PSU game could be a special one
As both potent offenses presumably march up and down the field in what could be a shootout Saturday night, it can be easy to lose sight of how such a game could come down to a field goal.
That actually has been the case for each of Ohio State’s past two close-call visits to Penn State. If it turns out that way again this time around, the Nittany Lions could be in some trouble.
True freshman place-kicker Jake Pinegar has made just one field goal this season — from 32 yards — in three attempts. He has missed 44- and 45- yard attempts.
Ohio State, on the other hand, has a veteran kicker, Sean Nuernberger, who has been around forever.
Go back four years to the 2014 double-overtime game, and Nuernberger, a true freshman then, was the Buckeyes’ kicker. He made a controversial 49-yard field goal that gave Ohio State a 10-0 lead with 11 minutes left in the first half.
Replay showed the play clock had expired before Nuernberger kicked the ball, so it should have been a delay of game, and those points shouldn’t have counted. The game finished tied, 17-17, at the end of regulation, so clearly those were three huge points for the Buckeyes.
Penn State also made a huge field goal that night, as Sam Ficken drilled a 31-yarder with 9 seconds left to force overtime. The Lions eventually lost, 31-24, in double-OT.
Amazingly enough, Nuernberger will be Ohio State’s kicker once again Saturday. He’s a fifth-year senior, and one story about him on an SBNation internet site has a funny headline: “It feels like Sean Nuernberger has been Ohio State’s kicker for a million years.”
The game two years ago at Beaver Stadium obviously came down to a historic blocked field goal by Marcus Allen that was scooped up and returned for a go-ahead touchdown by Grant Haley. It was one of the two or three biggest plays in the history of Penn State football.
But it wasn’t Nuernberger who kicked the ball for Ohio State. He was redshirting that year, so Tyler Durbin was the place-kicker. He came onto the field for what would have been a carer-long field goal of 45 yards, and ABC’s Chris Fowler said just before the kick that Durbin was “super reliable inside of 40; this is from 45.”
Then came the block. One incredible aspect of Haley’s touchdown return is that he was nearly chased down by remarkably speedy Ohio State holder/punter Cameron Johnston, who just missed a shoestring tackle at the 10.
As it all pertains to this week’s game, Nuernberger has been in these situations before, so we know what to expect from him. He’s 3-of-4 on field goals this year, 33-of-45 in his career and kicked two in Ohio State’s 2014 national championship game win over Oregon. The 49-yarder against Penn State in 2014 is his career best.
If Pinegar has to come onto the field in a crucial situation to make a kick, there’s really no telling how he will fare.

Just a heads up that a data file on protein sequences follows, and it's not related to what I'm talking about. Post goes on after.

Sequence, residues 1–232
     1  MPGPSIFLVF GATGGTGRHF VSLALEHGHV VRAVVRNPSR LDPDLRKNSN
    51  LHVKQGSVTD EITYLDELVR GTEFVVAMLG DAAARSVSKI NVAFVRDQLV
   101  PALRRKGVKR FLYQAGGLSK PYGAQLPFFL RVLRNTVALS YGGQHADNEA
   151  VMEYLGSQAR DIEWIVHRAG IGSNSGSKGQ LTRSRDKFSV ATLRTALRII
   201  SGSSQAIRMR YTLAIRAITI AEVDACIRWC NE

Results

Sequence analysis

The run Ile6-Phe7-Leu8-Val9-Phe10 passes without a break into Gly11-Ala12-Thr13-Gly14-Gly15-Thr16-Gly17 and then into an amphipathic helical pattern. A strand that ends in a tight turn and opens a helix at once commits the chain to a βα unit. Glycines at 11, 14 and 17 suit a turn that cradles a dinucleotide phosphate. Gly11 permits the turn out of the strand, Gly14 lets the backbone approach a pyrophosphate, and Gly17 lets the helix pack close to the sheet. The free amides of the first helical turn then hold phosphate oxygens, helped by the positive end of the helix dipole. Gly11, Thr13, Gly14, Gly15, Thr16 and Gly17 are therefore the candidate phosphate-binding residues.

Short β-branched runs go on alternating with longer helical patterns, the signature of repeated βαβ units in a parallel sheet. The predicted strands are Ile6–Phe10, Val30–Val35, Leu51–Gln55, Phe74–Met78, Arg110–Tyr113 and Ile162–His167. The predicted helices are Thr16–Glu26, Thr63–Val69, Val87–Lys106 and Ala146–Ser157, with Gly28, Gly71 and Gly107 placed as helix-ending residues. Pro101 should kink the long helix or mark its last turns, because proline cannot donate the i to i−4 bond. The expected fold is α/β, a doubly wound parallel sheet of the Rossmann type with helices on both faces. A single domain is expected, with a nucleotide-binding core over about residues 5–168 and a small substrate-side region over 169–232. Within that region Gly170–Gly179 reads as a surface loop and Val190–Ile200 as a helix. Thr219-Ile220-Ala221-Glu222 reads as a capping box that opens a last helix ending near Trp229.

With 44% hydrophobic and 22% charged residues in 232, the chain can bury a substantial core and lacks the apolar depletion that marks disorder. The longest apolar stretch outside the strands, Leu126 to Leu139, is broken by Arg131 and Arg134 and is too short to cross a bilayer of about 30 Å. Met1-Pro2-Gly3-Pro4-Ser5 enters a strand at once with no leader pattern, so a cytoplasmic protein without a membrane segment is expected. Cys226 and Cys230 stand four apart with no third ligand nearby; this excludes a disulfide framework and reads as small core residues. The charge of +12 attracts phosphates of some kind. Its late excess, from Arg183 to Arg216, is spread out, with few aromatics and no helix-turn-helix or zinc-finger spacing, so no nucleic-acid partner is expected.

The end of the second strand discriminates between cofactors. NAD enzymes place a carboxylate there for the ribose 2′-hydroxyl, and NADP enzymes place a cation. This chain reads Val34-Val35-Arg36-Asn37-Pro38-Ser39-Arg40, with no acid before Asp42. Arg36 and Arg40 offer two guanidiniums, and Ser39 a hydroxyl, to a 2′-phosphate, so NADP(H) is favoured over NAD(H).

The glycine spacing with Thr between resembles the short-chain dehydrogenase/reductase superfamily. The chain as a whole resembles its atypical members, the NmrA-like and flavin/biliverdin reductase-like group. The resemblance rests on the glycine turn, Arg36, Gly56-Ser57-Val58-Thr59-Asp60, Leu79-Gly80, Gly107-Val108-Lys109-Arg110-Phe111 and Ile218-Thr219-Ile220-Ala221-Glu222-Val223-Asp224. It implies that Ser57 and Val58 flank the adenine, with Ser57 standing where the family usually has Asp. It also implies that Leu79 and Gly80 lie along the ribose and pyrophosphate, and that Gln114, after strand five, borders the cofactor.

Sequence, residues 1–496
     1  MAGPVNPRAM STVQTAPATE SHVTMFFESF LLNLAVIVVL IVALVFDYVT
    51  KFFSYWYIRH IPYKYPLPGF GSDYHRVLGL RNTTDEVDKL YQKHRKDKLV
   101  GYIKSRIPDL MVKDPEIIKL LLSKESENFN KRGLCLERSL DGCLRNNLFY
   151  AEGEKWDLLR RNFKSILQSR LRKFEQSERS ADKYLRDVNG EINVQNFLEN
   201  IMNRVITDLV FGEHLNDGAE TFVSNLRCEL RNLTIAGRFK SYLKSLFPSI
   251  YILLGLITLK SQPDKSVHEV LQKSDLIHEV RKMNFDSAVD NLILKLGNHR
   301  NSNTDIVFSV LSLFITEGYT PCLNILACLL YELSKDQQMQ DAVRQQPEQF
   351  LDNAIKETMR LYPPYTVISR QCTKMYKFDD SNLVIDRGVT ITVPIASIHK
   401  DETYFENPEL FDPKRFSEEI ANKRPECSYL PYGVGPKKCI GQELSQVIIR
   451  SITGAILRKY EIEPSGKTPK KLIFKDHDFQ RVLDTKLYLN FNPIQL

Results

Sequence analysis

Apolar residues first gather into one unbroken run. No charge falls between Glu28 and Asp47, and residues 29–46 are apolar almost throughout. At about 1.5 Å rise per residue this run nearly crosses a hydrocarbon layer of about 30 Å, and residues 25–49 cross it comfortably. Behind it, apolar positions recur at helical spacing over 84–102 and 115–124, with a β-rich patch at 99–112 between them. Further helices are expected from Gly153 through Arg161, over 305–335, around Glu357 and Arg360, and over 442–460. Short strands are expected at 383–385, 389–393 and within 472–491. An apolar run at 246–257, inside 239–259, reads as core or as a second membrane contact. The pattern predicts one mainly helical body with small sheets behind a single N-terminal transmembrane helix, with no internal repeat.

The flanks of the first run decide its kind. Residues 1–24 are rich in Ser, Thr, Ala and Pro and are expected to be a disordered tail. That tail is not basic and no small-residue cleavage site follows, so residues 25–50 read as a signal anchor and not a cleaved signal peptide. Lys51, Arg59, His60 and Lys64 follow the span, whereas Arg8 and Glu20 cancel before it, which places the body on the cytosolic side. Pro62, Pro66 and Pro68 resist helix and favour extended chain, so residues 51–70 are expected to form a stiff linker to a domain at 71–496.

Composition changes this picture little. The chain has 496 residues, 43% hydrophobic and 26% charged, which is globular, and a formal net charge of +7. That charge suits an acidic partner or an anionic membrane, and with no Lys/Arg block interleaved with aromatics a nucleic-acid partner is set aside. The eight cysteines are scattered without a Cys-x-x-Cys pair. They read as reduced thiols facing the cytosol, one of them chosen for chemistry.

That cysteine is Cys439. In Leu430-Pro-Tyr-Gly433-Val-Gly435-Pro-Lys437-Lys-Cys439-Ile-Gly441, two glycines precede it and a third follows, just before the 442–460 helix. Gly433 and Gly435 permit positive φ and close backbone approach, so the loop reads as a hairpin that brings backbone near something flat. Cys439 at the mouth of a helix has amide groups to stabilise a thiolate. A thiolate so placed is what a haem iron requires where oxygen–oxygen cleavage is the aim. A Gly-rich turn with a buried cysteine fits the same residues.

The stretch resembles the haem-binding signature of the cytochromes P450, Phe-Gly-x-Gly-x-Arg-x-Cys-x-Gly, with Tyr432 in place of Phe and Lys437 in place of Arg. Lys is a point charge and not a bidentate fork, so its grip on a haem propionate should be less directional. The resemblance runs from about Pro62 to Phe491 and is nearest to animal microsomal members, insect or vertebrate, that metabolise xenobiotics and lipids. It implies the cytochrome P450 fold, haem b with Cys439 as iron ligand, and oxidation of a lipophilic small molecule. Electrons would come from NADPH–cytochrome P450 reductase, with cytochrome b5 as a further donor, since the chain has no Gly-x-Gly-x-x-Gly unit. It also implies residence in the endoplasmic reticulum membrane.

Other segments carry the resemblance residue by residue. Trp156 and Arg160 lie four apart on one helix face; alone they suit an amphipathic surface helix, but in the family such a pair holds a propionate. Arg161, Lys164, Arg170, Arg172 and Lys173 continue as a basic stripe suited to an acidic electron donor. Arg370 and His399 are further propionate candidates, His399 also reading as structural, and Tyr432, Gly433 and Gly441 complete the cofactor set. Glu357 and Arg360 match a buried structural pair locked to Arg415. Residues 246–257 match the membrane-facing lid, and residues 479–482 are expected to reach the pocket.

“We’re obviously not experienced, but I think Jake’s been great,” Penn State coach James Franklin said of Pinegar’s development. “I’ve been very impressed with him and the whole operation … and we got a lot of confidence in him. He’s hitting at a very high rate in practice, hasn’t had a whole lot of opportunities in games.
“(There was) probably one opportunity that I should have got him earlier in the season. But overall I’ve been pleased with him. I think he’s going to have a great career here. I think he’s going to have a great year this year. And he’ll continue to step up at times when we need him.”
One other interesting aspect about field goal kicking that fans may not realize. What Allen did two years ago to block the Ohio State kick is now illegal, with the rule being changed last year.
A player no longer can leap over the line of scrimmage to block a kick, as Allen did, because he could land on another player and potentially cause an injury. So if that rule would have been in effect in 2016, Allen would have been flagged, and Penn State would not have had one of its signature plays in program history.
RB Allen done
Second-string tailback Mark Allen’s season and Penn State career are over after he suffered an undisclosed injury. Franklin confirmed the news about the senior Tuesday.
“He talked to the team about it (Monday),” Franklin said. “He’s in great spirits.
“Mark’s got a very bright future,” the coach added. “He’s going to be very successful whatever he chooses to do. He’s talking a little bit about maybe getting into coaching. But we got a lot of love and respect for Mark and what he’s been able to do in his career here.”
This is the kind of game against an explosive offense that PSU will need at least one guy on defense to step up and be what Franklin has referred to in the past as an “eraser.” The coach was asked who could be in line for such a performance.
“I think our defensive ends as a group can be, and they’re moving in that direction,” he said. “I think Shareef (Miller) has the chance to be that type of player. I think Yetur (Gross-Matos) has the chance to be that type of player. I think Kevin Givens has the chance to be that type of player, and Robert Windsor.”
What Franklin actually did there was name all four of his D-line starters, then he mentioned linebacker Cam Brown and defensive backs Amani Oruwariye, Tariq Castro-Fields and John Reid, as well. So in his mind, there are a lot of players on defense capable of being an eraser.